NOTE: Rochor Thai has moved to Novena Regency.
Previously located at Rochor Centre building, Rochor Thai serves food without MSG. Pastes and sauces are made from scratch. Rochor Thai is one of the few restaurants in Singapore to have an experienced Thai chef. Chef Padungpong Chuthongchai graduated from Dusit Thani College in Western-Thai Cuisine, and has worked at 5-star hotels such as Dusit Thani and Amari Orchid.
All four of us had different favorites that night. Mine was pla krapong neung ma nao ($24.80), an extremely fresh, wild seabass that was steamed lightly and had a juicy, sweet, bouncy flesh. The limey-refreshing sauce with just a tinge of heat complemented and did not overpower the delicate sweetness of the fish.
Ms Atas’s favorite, and my second favorite, was Rochor Thai’s speciality, hoey pad prik pao ($14.80 Small portion shown above, $22.80 L). The flower clams, flambeed in wok, were stir-fried with chilli jam and chef’s homemade stock, giving it a sweetness before a slight spicy and pleasantly pungent aftertaste set in.
Huccalily’s favorite, and Ms Atas’s second favorite, was the Thai classic, tomyum talay ($8.80 S, $15.80 L). The tomyum broth was fiery and 14K sweated on first sip. It had a kick like Solange, but mellowed into a seafood sweetness. I couldn’t take spice but still found it shiok.
The kalam pad nam pla ($8.80 S, $11.80 L, above), stir-fried cabbage with fish sauce, was liked by all: a simple dish, it was flavorful and crunchy with a hint of sweetness.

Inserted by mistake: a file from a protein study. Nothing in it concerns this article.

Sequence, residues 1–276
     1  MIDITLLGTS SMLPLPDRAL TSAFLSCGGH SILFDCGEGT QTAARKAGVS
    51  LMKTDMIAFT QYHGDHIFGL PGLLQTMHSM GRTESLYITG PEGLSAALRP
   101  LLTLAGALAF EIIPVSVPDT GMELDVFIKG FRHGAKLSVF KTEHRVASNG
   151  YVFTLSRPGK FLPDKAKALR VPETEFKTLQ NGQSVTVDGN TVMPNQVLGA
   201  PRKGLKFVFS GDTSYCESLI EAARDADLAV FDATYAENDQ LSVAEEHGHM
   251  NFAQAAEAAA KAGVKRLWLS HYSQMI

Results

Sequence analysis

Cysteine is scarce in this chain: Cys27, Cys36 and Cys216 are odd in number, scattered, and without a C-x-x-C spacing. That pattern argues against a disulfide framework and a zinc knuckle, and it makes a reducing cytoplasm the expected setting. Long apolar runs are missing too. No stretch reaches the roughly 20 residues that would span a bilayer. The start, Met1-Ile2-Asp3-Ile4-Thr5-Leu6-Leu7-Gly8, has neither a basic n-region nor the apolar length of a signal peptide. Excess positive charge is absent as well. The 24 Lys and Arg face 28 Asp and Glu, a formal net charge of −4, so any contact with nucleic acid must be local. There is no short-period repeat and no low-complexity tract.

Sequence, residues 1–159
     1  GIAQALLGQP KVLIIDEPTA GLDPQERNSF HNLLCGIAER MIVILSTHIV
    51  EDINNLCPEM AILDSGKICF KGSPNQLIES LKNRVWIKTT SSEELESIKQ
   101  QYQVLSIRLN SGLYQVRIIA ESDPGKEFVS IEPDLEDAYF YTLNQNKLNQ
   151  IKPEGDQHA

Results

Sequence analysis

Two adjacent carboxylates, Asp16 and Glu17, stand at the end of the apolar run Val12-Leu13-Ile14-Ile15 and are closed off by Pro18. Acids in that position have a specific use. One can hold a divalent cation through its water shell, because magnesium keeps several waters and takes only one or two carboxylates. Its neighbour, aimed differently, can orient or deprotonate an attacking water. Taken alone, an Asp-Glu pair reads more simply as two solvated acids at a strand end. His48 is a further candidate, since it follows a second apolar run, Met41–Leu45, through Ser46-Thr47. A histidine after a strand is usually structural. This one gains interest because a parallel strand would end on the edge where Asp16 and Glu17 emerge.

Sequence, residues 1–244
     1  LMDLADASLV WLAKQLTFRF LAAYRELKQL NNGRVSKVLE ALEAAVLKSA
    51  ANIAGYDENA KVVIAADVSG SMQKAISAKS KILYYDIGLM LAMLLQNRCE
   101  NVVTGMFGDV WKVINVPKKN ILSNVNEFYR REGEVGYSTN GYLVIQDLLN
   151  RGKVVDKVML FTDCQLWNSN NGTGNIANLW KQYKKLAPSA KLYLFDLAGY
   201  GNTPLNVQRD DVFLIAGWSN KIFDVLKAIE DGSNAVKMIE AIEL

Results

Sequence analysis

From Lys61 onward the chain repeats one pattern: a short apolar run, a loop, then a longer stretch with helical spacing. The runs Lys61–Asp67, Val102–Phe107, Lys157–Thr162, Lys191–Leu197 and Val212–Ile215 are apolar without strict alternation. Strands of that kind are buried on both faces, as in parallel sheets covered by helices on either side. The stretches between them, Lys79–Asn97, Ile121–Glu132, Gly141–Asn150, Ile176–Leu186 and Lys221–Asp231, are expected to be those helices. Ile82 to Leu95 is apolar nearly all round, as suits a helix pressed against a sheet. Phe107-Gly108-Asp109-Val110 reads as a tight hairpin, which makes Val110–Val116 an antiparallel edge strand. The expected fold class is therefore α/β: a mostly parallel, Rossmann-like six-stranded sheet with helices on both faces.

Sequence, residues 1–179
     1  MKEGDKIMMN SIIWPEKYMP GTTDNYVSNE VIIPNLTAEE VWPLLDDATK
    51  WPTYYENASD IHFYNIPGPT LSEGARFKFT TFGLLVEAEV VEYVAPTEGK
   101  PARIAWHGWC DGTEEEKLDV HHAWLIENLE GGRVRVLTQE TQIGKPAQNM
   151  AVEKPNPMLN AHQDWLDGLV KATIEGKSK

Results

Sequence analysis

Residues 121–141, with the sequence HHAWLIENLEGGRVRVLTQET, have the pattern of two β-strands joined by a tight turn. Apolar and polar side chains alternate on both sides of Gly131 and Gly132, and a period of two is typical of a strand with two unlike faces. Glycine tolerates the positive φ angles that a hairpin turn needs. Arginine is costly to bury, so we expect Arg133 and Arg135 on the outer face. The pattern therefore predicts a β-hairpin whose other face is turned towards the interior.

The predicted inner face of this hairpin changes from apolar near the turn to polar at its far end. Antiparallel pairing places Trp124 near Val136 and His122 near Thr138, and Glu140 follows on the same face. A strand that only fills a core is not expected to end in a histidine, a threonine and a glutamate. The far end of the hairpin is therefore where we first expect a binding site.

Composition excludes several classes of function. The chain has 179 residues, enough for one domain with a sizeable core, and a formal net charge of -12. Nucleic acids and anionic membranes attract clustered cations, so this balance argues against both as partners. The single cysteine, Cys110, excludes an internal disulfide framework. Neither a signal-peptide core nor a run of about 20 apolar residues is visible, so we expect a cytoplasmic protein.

So it seemed like the fish, the clams, the tomyam, and cabbage were winners that night.
14K’s favorite, gaeng som goong sod ($16.80), was a dish served only during festive seasons. Acacia omelette was topped with poached sea prawns in orange curry: it tasted like a tomato-y tom yam. Some of us, who were dictators in our past lives, overruled his preference because we prefer our omelette dry.
The pad thai talay (seafood, $7.80 S $14.80 L, pictured above) was okay. At first, we didn’t quite like the gaeng kaew wan gai ($11.80 S $16.80L) as the too milky green curry didn’t seep into the chicken. When we let it sit and returned to it, the chicken now had the flavor of green curry, and the curry itself had thinned, making it more palatable.
Only 14K enjoyed the tub tim grob ($4.80); the rest thought the red ruby, though crunchy, didn’t go well with the coconut milk. If you’re sharing, go for khao niew ma muang ($7.80). As it was the mango season, the sweet mango evaporated in the mouth. And the slightly hard rice, doused in coconut, had a wonderful bite and a beautiful balance.
A good mix of Thai food that Singaporeans like, and dishes that are less known to us, Rochor Thai does not disappoint. Worth visiting if you stay in the East.
340 Joo Chiat Rd Singapore 427592
T: 6440 3270
M-Th: 11.30am-2.30pm, 5.45-9.45pm; F & Sat: 11.30am-2.30pm, 5.30-10.30pm; Sun, PH eve & Ph: 11.30am-9.45pm
Closed every 2nd and 4th Monday of the month.
Rating: 3.267/5 stars
Written by A. Nathanael Ho.
ps: Thanks, Joel and Kenny, for the hospitality.